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The Daltaí Boards » Archive: 1999-2004 » 2000 (January-June) » Why has the Irish language been able to survive? « Previous Next »

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Dave Kassling (bg-tc-ppp138.monmouth.com - 209.191.60.139)
Posted on Wednesday, April 26, 2000 - 09:17 pm:   Edit Post Print Post

Hello,

I am a high school student writing a history report on Irish Culture and how Irish Nationalism has kept The Irish language and culture intact for hundreds of years. I was wondering if someone from your group could prepare a brief explanation for me as to why you feel so strong about Irish language and culture and why you feel Irish culture has been able to survive throughout the years. If you could I'd really appriciate it...Thanks very much!

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Antaine
Posted on Friday, April 28, 2000 - 10:37 am:   Edit Post Print Post

The Irish language has been kept alive through the dedication of its speakers and the work of the Irish Government and people in organizations like this one. I have heard many varying reports from 90,000 speakers and dying within two generations, to things like Ethnologue's (www.sil.org/ethnologue) report "260,000 fluent or native speakers (1983 census), 13% of the population (1983 census); 31.6% of the population over 3 claim to be Irish speakers (1981 census). Western isles northwest and southwest coasts; Galway, part of Mayo, Kerry,
Donegal. Also Northern Ireland, Boston, USA." keeping in mind that the language data is likely an underestimate for the number of speakers today for three reasons.
1 the research only looked for people who called themselves "fluent" or "native" speakers...likely that there are many more "passable" speakers...no problems in everyday life, but cannot talk to a plumber or mechanic.
2 the research is based on the 1983 census and so is almost 20 years old. The governments efforts have likely scored a few more speakers since then.
3 speakers of gaelic tongues have a knack for denying knowledge of the language even though they may be near fluent. A recent UK survey reported Welsh in dire straits in northern Wales. On closer inspection, thousands of fluent speakers didn't consider themselves "Welsh speakers" because they didn't speak the standard dialect.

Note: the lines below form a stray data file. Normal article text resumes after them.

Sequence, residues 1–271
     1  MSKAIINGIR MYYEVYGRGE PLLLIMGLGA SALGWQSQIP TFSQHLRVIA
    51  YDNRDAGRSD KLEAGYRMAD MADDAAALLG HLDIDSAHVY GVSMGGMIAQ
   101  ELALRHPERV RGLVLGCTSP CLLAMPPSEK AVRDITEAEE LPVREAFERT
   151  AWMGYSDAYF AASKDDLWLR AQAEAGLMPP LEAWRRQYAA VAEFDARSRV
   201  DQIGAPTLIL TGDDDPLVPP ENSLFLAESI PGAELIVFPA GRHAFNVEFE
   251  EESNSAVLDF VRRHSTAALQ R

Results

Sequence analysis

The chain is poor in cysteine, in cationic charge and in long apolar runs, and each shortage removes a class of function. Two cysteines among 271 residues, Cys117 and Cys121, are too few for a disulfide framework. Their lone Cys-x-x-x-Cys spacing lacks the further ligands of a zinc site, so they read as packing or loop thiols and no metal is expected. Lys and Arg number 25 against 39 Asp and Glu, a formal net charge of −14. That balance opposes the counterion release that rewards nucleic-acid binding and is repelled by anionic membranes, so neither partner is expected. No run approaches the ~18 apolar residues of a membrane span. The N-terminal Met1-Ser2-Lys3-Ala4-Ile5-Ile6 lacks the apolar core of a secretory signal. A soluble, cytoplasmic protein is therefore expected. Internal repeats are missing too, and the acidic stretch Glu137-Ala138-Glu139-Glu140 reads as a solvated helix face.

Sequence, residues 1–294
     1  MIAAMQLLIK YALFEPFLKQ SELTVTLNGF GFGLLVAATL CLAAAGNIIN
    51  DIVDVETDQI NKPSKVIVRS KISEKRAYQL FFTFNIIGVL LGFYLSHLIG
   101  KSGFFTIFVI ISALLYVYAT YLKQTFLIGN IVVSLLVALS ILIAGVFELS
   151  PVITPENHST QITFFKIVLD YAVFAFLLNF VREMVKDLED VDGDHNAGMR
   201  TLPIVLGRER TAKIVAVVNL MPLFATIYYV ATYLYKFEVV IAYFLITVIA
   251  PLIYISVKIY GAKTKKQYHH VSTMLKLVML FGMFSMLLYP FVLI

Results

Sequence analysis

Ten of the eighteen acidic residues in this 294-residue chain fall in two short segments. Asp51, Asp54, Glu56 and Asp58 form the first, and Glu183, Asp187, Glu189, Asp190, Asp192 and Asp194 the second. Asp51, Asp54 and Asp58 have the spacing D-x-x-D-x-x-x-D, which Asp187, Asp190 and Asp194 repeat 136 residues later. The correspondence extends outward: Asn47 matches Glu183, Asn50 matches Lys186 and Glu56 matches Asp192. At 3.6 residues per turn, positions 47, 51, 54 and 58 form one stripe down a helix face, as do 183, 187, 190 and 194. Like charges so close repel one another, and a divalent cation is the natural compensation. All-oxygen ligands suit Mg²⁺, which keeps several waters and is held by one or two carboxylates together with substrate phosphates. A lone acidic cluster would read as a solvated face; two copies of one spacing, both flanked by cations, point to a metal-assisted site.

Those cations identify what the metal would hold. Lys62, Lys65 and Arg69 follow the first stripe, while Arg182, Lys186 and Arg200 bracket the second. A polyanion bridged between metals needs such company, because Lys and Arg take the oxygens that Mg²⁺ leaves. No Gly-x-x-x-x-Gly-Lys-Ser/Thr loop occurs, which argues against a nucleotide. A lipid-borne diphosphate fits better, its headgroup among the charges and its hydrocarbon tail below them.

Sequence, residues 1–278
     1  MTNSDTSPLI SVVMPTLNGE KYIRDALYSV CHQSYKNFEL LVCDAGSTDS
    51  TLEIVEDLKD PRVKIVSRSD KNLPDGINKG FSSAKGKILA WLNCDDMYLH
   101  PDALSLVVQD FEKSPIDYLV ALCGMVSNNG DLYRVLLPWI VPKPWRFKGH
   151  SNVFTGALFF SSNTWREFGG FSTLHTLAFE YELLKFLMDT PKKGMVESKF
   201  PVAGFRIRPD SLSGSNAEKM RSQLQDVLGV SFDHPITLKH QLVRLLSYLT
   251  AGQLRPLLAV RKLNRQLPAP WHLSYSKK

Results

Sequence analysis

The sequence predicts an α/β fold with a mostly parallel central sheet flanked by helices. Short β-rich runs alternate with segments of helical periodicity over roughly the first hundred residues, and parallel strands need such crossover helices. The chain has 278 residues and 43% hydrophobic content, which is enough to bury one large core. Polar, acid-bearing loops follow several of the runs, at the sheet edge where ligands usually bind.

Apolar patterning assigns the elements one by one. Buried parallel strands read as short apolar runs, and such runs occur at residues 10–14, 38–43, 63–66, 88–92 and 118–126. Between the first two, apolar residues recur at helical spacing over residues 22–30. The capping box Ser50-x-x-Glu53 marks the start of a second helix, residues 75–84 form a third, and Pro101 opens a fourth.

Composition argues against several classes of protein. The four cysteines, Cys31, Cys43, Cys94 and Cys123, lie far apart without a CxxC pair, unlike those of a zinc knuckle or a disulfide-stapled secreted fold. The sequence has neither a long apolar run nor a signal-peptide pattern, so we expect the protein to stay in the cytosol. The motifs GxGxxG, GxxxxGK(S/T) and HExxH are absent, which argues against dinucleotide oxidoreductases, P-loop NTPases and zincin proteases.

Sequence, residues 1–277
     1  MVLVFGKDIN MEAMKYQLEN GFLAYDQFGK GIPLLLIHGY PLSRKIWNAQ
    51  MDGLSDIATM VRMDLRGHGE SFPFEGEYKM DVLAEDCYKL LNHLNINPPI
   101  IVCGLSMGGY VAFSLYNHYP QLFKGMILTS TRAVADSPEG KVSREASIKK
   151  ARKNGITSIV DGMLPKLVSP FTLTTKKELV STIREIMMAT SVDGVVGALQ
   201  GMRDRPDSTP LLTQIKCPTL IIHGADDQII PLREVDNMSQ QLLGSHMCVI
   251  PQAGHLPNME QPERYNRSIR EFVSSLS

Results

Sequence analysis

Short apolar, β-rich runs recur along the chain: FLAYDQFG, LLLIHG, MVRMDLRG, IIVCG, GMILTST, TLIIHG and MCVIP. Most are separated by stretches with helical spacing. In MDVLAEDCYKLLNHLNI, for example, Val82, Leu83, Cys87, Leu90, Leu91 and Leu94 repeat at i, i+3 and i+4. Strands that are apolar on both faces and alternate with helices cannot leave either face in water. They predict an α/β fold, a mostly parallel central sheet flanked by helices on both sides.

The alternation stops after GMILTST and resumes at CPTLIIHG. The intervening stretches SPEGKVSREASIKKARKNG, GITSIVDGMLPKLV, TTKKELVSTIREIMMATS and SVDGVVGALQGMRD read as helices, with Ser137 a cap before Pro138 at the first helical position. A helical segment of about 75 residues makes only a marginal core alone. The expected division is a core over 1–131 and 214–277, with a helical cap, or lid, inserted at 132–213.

The language has been undergoing a kind of renaissance of late in which more than half of the books published in Ireland are published in Gaeilge and the all-Gaeilge TV station (there are radio stations, too) gets higher ratings in Ireland than MTV, which is a notable step.
It took a long time to figure out the best way to teach the language, and as such, early attempts were disastrous, souring our parents' generation to the language. Recently, however, the system has gotten much better and it is the younger generations who are providing the fuel for the language's rebirth.
Through famine and war, through penal laws and forced emigration, the British government has tried to kill the language. To allow the language to die now, would be to offer the British victory in the end. Language is an important part of culture. When the language and its speakers were sent "to Hell or Connacht" much damage was done, but a resurgence of all the celtic languages provide hope for Irish. Even previously extinct languages such as Manx and Cornish are being resurrected as modern Manx or "Cornic" and no lover of Irish culture either in Ireland or in the US wants to see Gaeilge get to that point. Gaeilge go deo!

Go n-éirí an t-adh leat!
Antaine
..........

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william Fuller ( - 199.80.100.21)
Posted on Saturday, April 29, 2000 - 09:42 am:   Edit Post Print Post

Beannacht De ag an obair!

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